The average debtor chooses to bury their head in the sand, refusing to accept the truth about their situation, which is often that they are wasting money on frivolous expenses when they could be using it to repay debt.
The smoker doesn’t want to give up smoking, the gambler doesn’t want to give up gambling and the spendaholic wants to keep those pointless eBay and Amazon purchases flowing, so they don’t face the truth.
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But if you want the peace of mind that comes with a clean credit report and a cleaner conscious, you need to face the truth.
Create a detailed budget of all your incomings and outgoings. Don’t just estimate it for the month ahead—actually make a note of everything you spend. At the end of the month, it’s time to look at the expenditures that were unnecessary and avoidable, the ones you can cut to increase your disposable income. Once you do that, you can put your extra funds towards repaying your debts.
Debt creates debt, locking you in a cycle that can be very hard to escape from. Your minimum payment is calculated as a small percentage of your total debt but that calculation occurs after interest has been added, which means that the majority of your payment goes towards the interest.
If you’re only paying a fraction of the principal every month, the debt will take forever to repay and the interest will keep compounding and growing.
The good news is that every time you increase this minimum, you’re making a huge dent in the principal, greatly reducing the term of the loan and the total interest you will pay. Simply adding an extra 20% or 30% on top of your monthly payment could save you thousands of dollars over the term and knock years off your repayments.
Sell and Sacrifice
Big changes follow big sacrifices and debt is no exception. Look at the things you’re spending your money on and start making some bigger cuts. Don’t simply focus on cigarettes, gambling, and worthless purchases—think about cutting out the restaurants, the holidays, and the subscriptions.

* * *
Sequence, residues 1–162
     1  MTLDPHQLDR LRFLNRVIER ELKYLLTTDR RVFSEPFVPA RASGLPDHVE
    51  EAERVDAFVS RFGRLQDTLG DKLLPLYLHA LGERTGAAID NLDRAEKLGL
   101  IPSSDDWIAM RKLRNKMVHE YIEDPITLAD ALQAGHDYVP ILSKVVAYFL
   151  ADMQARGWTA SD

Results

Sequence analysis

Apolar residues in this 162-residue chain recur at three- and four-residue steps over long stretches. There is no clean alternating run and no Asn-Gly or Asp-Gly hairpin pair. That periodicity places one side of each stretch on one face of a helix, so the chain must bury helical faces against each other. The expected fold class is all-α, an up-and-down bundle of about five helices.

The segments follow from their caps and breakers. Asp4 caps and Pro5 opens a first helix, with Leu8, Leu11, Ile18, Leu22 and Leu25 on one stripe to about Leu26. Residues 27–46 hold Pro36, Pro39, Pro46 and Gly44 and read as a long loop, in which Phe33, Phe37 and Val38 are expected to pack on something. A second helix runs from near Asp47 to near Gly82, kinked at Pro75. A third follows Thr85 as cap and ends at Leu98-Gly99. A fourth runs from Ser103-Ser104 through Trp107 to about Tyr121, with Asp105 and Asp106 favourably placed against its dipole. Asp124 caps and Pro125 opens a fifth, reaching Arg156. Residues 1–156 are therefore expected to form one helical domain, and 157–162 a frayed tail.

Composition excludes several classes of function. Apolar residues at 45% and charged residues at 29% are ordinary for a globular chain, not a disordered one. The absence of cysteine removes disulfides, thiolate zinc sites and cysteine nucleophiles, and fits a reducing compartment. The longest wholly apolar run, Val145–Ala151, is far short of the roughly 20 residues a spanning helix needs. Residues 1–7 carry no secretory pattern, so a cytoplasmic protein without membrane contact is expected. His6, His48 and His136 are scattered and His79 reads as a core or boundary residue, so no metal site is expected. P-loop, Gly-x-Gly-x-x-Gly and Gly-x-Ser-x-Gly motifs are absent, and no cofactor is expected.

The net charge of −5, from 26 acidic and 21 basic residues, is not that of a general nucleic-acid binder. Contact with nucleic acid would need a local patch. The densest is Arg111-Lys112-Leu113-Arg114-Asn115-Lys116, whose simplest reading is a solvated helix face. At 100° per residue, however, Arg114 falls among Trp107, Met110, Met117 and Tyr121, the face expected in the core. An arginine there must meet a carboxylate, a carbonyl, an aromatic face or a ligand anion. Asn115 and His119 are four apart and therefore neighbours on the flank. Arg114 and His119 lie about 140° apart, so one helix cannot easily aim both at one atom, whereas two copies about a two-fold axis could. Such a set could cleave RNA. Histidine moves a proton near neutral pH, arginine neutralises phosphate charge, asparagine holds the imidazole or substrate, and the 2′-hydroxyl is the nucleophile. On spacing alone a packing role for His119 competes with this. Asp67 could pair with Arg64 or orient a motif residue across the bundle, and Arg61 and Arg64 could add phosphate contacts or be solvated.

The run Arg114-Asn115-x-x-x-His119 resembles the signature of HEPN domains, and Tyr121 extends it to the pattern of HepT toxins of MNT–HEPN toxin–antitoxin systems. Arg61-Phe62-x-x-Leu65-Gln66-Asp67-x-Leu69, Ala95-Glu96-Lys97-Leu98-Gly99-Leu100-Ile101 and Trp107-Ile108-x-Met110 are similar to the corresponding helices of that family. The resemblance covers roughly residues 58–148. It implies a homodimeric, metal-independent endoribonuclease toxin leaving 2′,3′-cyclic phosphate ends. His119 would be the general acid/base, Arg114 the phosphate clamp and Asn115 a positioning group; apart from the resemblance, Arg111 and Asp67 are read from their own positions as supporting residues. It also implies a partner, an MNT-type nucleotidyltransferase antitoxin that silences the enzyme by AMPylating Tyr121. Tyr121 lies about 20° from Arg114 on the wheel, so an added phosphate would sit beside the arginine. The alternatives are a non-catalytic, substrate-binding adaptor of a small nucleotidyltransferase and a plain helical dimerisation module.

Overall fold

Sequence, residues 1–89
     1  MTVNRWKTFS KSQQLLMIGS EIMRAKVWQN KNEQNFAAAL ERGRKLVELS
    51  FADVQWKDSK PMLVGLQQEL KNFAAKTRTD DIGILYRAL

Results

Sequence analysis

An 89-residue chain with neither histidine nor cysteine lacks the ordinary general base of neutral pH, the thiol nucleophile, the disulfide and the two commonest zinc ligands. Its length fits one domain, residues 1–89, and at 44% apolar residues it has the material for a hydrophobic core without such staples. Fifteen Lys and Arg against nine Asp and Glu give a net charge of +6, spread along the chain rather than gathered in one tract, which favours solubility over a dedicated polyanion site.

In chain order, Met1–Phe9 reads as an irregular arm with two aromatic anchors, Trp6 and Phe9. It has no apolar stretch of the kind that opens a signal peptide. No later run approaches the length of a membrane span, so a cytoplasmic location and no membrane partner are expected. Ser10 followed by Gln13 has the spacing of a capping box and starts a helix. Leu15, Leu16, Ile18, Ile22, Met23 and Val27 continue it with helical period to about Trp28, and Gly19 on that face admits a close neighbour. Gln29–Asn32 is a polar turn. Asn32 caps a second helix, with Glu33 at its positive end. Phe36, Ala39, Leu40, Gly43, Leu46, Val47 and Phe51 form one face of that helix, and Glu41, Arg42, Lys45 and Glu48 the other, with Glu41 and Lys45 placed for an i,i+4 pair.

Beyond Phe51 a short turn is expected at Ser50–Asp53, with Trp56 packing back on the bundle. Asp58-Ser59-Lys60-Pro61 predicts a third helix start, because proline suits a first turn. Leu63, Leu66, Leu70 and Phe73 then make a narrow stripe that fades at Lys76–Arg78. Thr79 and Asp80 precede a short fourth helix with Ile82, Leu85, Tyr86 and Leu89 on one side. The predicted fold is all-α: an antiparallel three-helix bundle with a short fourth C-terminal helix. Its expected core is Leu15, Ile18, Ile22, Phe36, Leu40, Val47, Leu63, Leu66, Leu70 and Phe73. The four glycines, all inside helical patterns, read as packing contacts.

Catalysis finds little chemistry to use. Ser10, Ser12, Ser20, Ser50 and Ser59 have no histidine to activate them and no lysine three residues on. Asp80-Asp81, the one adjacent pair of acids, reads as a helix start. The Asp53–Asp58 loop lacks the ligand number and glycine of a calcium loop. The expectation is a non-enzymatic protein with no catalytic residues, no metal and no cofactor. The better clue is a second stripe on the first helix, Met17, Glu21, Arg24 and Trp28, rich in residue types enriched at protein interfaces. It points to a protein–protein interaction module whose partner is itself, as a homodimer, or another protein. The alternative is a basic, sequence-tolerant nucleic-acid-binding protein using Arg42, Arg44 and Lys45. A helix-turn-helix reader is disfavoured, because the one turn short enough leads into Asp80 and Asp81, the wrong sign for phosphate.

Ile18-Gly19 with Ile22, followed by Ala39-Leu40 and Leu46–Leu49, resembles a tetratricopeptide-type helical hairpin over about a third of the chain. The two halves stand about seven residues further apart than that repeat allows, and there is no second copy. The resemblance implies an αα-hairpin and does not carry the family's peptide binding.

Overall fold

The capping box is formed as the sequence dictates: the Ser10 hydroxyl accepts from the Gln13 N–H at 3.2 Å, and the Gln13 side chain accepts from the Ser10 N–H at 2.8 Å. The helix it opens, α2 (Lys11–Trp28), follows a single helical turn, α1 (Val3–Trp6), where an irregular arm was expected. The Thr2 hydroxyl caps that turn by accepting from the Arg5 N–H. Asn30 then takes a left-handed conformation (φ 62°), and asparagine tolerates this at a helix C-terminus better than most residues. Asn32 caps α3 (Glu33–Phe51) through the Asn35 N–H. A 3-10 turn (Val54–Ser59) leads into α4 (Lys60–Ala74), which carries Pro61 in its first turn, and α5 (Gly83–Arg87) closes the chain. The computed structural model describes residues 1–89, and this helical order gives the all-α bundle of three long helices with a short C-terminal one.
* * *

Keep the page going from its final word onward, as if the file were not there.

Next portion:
You should also look to sell some of the things you no longer need, from computer games and electronics to designer clothes. Whatever you have that simply gathers dust, sell up, move on, and put the money towards your debt.
It may seem like a lot of hassle for a few hundred dollars, but that small gesture could save you much more in interest.
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Look at Repayment Strategies
If you have multiple debts in addition to your student loan debts, then look into the debt snowball or debt avalanche methods. These will help you to clear your debts one by one, with the former giving you a motivational boost and the latter a financial one.
The strategies follow many of the same principals we have already outlined in this guide, but it’s good to have a little structure.
Use Savings and Investments
There’s no point sitting on a savings account that earns you 3% if you have a debt that costs you 6% or more. You’ll lose more from that debt than the savings account will ever earn, so cash-in, use the funds to clear your debt and start rebuilding that account again when you’re debt-free and back in the black.
Last but not least, it’s important to stay motivated. The road to paying off debt is a long one and there will be a lot of hiccups along the way, from times when you feel like you need to splash out to times when you’re hit with an unexpected bill.
It’s important not to let these times drag you down or distract you from your goal. Give yourself weekly and monthly goals, make a game out of saving and being thrifty and don’t be tempted to check your debt balance more than once per month. Constantly checking it will make you frustrated as it’ll feel like everything’s going too slowly, but if you save those checks for times when you know it has reduced, you’ll give yourself a motivational boost.